Tuesday, July 26, 2011

Practically all artists and writers are aware of their destiny and see themselves as actors in a fateful drama. With me, nothing is momentous: obscure youth, glorious old age, fateful coincidences—nothing really matters. I have written a number of good sentences. I have kept free of delusions. I am going to die soon.
Eric Hoffer (notebook, 1977)

Monday, July 25, 2011

What did the crowd of young people shout to Jacques Chirac in 2004, during the first visit by a French president to Algeria since decolonization? "Visas, visas." A malicious wit might say: they drove us out and now they all want to come live with us! That does not cast doubt on the legitimacy of their independence, but it does explain this disturbing truth: Europe got over the loss of its colonies much more quickly than the colonies got over their loss of Europe.
Pascal Bruckner, The Tyranny of Guilt: An Essay on Western Masochism (translated by Steven Rendall)

Saturday, July 23, 2011

Today's "Impromptus" by Jay Nordlinger is an especially good entry in that always-worth-reading series. The anecdote that closes it is charming, with excellent advice. Highly recommended, the whole piece.

Monday, July 11, 2011

Laura Ingraham, diagnosed with breast cancer in 2005, describes one effect of having children:
They’ve slowed me down. It’s like, we’re going to sit here and make strawberry shortcake and that’s going to be our night. ‘What’d you do tonight, Laura?’ ‘Er, I made strawberry shortcake.’ I used to go out a lot, but that’s how life changes. Right now I’m just hoping and praying I make it through the kids’ teenage years.
A lot of parents say they're hoping and praying to survive their kids' adolescences. It means something different when she says it.

Saturday, July 9, 2011

Prediction: Andrew Cuomo will be the Democratic nominee for president in 2016.

Friday, July 8, 2011

Sometimes a man survives a considerable time from an era in which he had his place into one which is strange to him, and then the curious are offered one of the most singular spectacles in the human comedy. Who now, for example, thinks of George Crabbe? He was a famous poet in his day, and the world recognised his genius with a unanimity which the greater complexity of modern life has rendered infrequent. He had learnt his craft at the school of Alexander Pope, and he wrote moral stories in rhymed couplets. Then came the French Revolution and the Napoleonic Wars, and the poets sang new songs. Mr. Crabbe continued to write moral stories in rhymed couplets. I think he must have read the verse of these young men who were making so great a stir in the world, and I fancy he found it poor stuff. Of course, much of it was. But the odes of Keats and of Wordsworth, a poem or two by Coleridge, a few more by Shelley, discovered vast realms of the spirit that none had explored before. Mr. Crabbe was as dead as mutton, but Mr. Crabbe continued to write moral stories in rhymed couplets. I have read desultorily the writings of the younger generation. It may be that among them a more fervid Keats, a more ethereal Shelley, has already published numbers the world will willingly remember. I cannot tell. I admire their polish—their youth is already so accomplished that it seems absurd to speak of promise—I marvel at the felicity of their style; but with all their copiousness (their vocabulary suggests that they fingered Roget's Thesaurus in their cradles) they say nothing to me: to my mind they know too much and feel too obviously; I cannot stomach the heartiness with which they slap me on the back or the emotion with which they hurl themselves on my bosom; their passion seems to me a little anaemic and their dreams a trifle dull. I do not like them. I am on the shelf. I will continue to write moral stories in rhymed couplets. But I should be thrice a fool if I did it for aught but my own entertainment.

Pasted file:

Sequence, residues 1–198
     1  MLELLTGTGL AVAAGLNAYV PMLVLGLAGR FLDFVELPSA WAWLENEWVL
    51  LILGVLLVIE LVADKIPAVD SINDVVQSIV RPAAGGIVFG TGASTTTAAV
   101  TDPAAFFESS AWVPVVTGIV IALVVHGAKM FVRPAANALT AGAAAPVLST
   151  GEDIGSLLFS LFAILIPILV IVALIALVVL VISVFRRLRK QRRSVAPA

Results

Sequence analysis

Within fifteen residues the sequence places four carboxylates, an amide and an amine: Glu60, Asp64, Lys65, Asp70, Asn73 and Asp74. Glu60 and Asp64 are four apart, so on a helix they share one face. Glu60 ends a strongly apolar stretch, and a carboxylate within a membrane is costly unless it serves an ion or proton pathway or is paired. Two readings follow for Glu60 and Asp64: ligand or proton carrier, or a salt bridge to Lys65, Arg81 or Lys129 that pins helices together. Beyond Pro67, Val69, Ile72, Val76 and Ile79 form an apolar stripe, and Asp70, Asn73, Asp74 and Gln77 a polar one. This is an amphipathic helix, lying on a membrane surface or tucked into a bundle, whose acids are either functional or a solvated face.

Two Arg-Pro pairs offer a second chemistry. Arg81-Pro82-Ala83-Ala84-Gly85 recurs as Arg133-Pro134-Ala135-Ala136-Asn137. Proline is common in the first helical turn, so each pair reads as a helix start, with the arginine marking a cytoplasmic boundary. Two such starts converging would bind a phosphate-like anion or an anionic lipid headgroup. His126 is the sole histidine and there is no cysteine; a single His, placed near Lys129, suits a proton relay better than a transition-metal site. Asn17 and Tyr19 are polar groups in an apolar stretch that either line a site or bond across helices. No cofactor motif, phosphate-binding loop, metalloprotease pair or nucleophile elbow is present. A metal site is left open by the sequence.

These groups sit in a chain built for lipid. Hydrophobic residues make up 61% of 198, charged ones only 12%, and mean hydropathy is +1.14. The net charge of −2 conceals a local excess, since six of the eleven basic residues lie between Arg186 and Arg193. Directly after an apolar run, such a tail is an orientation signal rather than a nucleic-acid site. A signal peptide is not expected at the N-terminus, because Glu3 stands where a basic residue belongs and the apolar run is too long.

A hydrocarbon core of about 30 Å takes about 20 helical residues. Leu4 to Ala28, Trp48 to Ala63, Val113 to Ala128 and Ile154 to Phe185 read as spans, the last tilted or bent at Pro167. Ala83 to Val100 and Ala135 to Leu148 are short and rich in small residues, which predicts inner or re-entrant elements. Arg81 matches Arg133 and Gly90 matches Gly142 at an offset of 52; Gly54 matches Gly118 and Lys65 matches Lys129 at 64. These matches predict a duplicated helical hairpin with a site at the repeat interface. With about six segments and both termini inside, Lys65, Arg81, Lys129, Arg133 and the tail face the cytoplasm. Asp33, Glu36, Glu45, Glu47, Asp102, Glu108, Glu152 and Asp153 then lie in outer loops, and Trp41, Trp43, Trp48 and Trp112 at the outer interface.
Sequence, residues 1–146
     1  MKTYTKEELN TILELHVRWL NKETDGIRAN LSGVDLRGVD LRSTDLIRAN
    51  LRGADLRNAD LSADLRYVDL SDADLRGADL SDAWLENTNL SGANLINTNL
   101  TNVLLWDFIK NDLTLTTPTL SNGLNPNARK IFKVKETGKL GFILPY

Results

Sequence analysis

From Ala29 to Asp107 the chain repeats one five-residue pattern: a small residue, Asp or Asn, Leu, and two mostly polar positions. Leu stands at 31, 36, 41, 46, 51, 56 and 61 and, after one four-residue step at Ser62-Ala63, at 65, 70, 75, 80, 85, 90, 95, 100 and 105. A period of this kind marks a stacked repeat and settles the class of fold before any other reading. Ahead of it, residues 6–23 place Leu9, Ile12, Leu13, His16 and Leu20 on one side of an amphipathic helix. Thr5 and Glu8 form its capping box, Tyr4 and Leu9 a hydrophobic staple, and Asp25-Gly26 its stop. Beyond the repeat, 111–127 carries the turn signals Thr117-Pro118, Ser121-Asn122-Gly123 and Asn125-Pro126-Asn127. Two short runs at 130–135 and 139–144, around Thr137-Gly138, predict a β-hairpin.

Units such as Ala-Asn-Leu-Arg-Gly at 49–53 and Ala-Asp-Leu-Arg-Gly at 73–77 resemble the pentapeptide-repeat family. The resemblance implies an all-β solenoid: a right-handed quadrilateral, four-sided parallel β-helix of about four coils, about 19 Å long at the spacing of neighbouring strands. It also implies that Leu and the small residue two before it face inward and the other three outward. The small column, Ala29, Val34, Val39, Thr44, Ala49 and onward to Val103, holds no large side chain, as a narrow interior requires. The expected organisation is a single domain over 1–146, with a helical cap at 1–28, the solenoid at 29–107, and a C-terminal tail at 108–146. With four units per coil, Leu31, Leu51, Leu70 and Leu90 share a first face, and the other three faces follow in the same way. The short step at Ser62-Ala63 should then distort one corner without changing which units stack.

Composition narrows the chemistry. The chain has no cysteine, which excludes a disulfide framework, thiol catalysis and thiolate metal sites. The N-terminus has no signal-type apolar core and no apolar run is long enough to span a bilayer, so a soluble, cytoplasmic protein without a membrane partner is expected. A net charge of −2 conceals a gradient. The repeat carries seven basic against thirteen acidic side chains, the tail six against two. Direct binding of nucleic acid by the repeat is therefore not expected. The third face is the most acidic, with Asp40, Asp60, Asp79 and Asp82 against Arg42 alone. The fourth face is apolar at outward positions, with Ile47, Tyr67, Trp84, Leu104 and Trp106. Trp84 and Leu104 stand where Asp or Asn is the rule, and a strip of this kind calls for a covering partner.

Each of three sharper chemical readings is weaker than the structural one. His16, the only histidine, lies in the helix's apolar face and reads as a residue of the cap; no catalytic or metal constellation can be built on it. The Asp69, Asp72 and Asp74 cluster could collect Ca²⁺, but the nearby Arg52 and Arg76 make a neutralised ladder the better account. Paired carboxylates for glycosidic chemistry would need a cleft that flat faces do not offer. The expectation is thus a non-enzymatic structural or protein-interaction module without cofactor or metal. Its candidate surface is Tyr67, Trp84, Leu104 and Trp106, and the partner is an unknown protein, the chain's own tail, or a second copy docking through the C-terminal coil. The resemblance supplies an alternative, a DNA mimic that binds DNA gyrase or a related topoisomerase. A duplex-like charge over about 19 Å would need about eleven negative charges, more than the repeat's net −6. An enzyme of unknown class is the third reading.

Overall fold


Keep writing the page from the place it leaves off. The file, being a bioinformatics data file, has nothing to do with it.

W. Somerset Maugham, The Moon and Sixpence (1919)

Monday, July 4, 2011

Happy Independence Day.

Friday, July 1, 2011

He could see that his father had reverted to his military personality again. His father was still a marvel to him. At various points in Richard's life he had been prompted to ask himself what the hell the navy did to people in four short years to change them so much. His father had been an Oklahoma farm boy until he went in the navy, and he had come out like this, and stayed this way for forty years.
Thomas Perry, Runner